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Lake Huron e-news - February 2013

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We have a New Board of Directors for 2013!

See the full Board list here.

Pamela Scharfe, Chair
Murray Blackie, Vice Chair
Matthew Pearson, Treasurer

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This months headlines...
Low Lake Levels?

Low Lake Levels?
This is Nothing!


This January, Lake Huron levels hit a record low.  When we say ‘record low’ we refer to the period since water levels began to be recorded (1918 to present). Up until recently, the record low was set in 1964.  Record highs were set in 1985-86.  The 1985-86 levels were around 177.5 metres above sea level. Current levels are about 175.6 m. People are concerned now about current lows, and people were concerned in the 1980s about record highs. But what if we had been around to experience REAL historical levels?
At various periods during the past 11,000 years, the levels of Lake Huron went through some real transformations. The changes were so significant that the lake took on different names. Much higher levels were experienced about 10-11,000 years ago during the time of Lake Algonquin. Algonquin levels were over 184 m above sea level (+ 8 m. higher than present), and formed some of the ancient shoreline features we can still see today. Many cottagers, particularly in Bruce County, travelling to their cottage from Highway 21 will drive down a hill on the way to the cottage. This hill was the position of the old Lake Algonquin shoreline bluff.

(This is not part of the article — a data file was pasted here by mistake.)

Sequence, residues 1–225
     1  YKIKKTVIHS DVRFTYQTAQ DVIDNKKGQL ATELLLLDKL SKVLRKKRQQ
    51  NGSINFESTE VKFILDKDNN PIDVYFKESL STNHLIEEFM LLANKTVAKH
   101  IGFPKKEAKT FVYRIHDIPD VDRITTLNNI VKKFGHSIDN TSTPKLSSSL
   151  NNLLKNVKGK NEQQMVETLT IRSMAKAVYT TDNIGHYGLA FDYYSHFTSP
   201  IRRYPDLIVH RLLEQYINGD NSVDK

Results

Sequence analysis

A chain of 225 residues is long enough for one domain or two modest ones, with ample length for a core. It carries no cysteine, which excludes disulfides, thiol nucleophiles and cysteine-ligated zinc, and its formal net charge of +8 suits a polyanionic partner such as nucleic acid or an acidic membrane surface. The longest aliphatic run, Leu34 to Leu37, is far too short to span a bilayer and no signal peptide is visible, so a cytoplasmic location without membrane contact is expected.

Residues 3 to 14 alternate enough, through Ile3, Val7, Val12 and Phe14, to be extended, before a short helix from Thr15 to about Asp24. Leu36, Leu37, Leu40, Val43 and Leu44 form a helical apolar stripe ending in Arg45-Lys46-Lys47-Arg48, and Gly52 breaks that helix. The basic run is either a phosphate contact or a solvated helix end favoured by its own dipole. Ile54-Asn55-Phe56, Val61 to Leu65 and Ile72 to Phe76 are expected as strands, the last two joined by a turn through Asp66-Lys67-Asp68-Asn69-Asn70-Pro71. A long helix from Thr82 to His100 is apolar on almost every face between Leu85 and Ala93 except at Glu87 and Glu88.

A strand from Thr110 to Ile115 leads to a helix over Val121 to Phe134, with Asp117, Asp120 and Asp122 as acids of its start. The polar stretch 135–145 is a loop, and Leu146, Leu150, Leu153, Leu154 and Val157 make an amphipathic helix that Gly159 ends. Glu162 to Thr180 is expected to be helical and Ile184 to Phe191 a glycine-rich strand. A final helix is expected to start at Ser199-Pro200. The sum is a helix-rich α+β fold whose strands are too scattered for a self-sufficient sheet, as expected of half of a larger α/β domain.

Lake Algonquin began to drain to the east down the Ottawa River and levels dropped dramatically. Around 9,500 years ago, a new lake called Lake Stanley was formed, having drained to a level of about 74 m. above sea level (that’s about 102 m. lower than current levels). Present day cottagers would have had to drive several kilometres to reach the shoreline.

Chronology of Post glacial lakes Algonquin to Stanley

Position of Lake Stanley compared to present Lake Huron shoreline.

During the time of Lake Stanley, forests spread over much of the area that was formerly under water. Later, as the lakes refilled from glacial melt-water due to redirected drainage, the trees were killed as they became flooded, leaving behind evidence of their existence in the form of logs and stumps that made up a “drowned forest”. Carbon dating showed the trees range in age from 7409 –7936 calendar years before present.

These drowned forest remains were preserved because of two processes: 1) rapid lake level rise due to massive glacial meltwater release from the receding glacier to the north and 2) burial in sediment around the time of flooding.

A submerged record for a falling water level is preserved in Georgian Bay near Manitoulin Island, where plant debris, peat, and tree stumps have been found at elevations between 145 and 160 m.